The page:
USA Skimo enters into agreement With U.S. Olympic & Paralympic Committee

Ski Mountaineering is set to make its Olympic debut in 2026

Ryan Sederquist
Vail Daily
John McDonald, left, Ashley Adkins, center, and Anna Stafford begin a ski mountaineering sprint race at the Frisco Tubing Hill on Tuesday, Feb. 28. Alongside 21 other athletes, the trio participated in the inaugural Summit Youth Skimo ski mountaineering season.
Cody Jones/Summit Daily News

The United States Ski Mountaineering Association (USA Skimo) announced on Monday that it has entered into an agreement with the U.S. Olympic & Paralympic Committee (USOPC) to establish an Olympic high-performance program for ski mountaineering. The sport will make its Olympic Winter Games debut in Milan-Cortina in 2026.

The release stated that the agreement also “establishes the roles and responsibilities of USA Skimo and the USOPC in selecting and sending athletes to the 2026 Olympic Winter Games and competitions within the qualification pathway to the 2026 Games.”

“Formalizing our role with the USOPC represents a true inflection point for our sport. The USOPC will provide resources and expertise to our athletes, aspiring athletes, and the U.S. Ski Mountaineering community,” said Anthony Armstrong, executive director of USA Skimo.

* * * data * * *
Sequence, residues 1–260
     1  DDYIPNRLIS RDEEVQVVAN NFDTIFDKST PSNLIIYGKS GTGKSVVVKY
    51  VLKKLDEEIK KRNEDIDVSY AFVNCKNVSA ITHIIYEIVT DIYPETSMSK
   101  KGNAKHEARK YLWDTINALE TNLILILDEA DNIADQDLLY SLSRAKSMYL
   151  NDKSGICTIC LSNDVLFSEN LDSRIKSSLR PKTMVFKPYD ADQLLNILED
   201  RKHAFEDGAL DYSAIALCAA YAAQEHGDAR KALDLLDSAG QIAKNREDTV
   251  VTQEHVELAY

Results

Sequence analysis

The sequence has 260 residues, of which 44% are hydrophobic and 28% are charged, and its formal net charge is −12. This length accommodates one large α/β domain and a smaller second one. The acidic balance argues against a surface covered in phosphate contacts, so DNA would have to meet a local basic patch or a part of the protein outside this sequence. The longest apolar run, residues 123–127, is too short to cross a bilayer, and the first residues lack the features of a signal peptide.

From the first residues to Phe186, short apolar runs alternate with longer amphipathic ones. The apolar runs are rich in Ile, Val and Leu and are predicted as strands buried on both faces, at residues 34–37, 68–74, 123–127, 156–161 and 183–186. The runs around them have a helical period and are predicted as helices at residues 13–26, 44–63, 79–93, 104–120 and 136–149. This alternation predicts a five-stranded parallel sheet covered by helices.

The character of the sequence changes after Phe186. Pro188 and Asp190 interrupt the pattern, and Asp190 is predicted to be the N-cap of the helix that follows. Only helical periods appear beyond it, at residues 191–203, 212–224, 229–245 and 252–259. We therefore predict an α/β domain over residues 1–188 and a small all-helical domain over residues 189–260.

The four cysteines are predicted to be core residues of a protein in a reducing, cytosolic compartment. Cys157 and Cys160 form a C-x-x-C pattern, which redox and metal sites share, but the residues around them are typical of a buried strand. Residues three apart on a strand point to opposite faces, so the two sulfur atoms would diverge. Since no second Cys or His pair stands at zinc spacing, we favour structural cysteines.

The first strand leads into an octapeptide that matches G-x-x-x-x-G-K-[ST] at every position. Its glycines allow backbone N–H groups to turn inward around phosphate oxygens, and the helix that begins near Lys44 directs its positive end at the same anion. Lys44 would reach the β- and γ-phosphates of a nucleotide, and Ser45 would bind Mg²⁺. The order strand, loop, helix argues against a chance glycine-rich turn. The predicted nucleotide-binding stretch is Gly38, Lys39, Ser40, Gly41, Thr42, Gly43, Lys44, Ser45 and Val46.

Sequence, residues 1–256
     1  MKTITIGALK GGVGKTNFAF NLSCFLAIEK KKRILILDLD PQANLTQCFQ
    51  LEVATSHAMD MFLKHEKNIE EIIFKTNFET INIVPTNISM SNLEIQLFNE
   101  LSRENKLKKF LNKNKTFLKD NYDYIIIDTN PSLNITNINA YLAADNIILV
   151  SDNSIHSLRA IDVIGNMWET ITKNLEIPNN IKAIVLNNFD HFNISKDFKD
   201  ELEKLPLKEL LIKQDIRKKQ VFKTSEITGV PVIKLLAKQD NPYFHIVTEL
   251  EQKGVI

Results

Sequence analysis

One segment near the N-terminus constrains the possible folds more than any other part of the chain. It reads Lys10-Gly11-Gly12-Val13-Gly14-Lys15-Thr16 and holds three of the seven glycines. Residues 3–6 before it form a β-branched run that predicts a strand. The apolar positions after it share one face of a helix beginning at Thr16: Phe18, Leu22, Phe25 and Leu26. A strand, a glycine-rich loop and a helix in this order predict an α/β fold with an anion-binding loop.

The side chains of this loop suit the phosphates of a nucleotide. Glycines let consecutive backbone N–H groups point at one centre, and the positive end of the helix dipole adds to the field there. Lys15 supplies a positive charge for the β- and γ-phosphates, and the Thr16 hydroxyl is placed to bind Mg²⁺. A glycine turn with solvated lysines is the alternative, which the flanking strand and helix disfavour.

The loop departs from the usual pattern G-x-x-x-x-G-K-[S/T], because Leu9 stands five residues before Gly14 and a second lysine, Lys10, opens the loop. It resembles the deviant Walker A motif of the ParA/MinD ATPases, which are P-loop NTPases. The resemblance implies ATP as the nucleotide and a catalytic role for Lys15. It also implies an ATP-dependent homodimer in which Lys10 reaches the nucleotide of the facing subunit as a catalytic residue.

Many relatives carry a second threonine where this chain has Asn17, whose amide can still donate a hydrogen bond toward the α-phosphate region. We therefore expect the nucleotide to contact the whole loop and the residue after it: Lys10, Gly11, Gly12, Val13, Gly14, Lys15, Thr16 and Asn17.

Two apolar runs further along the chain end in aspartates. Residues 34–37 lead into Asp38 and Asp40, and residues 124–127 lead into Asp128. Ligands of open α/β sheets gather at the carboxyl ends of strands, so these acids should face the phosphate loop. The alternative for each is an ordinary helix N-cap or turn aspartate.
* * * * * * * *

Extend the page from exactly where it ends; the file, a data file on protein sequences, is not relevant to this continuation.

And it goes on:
“This partnership will take our sport to the next level of competition and professionalism.” 

The agreement contains 24 terms and conditions. The first states, “All Delegation Events and USOPC Ski Mountaineering activities for the sport of Ski Mountaineering are under the jurisdiction of the USOPC. The USOPC has the exclusive authority of athlete and staff selection criteria, and athlete nomination and entry into Delegation Events.”

Colorado is likely to supply at least a few members of the nation’s first Olympic team. Crested Butte’s Cam Smith was the first American to claim a World Cup podium in January of 2022 and headlined the Winter Mountain Games in Vail a month later. His Power of Four skimo record-holding teammate, John Gaston (Aspen), out-dueled him in the Mountain Games individual event that February. Both are among the six Colorado-based athletes on the 11-member U.S. senior squad. Gwen Rudy (Leadville), Hali Hafeman (Colorado Springs), Arthur Whitehead (Frisco) and John Rauen (Breckenridge) are also based in the state, as are all three U23 national team athletes, including Silverthorne’s Grace Staberg and Dillon’s Sam Burke.

“Though new to the Olympic Games program, ski mountaineering is a dynamic, fast-growing sport that also boasts more than a century of tradition,” said Rocky Harris, USOPC chief of sport & athlete services. “We are excited to welcome ski mountaineering onto the Olympic program and are excited to partner with USA Skimo to deliver results for Team USA.”

The International Olympic Committee unanimously approved adding the sport to the Milan-Cortina Olympic calendar in July 2021. According to the release, further details regarding athlete selection and resources will be made available as race calendars and IOC selection criteria become available.

To learn more about the sport and support USA Skimo, visit

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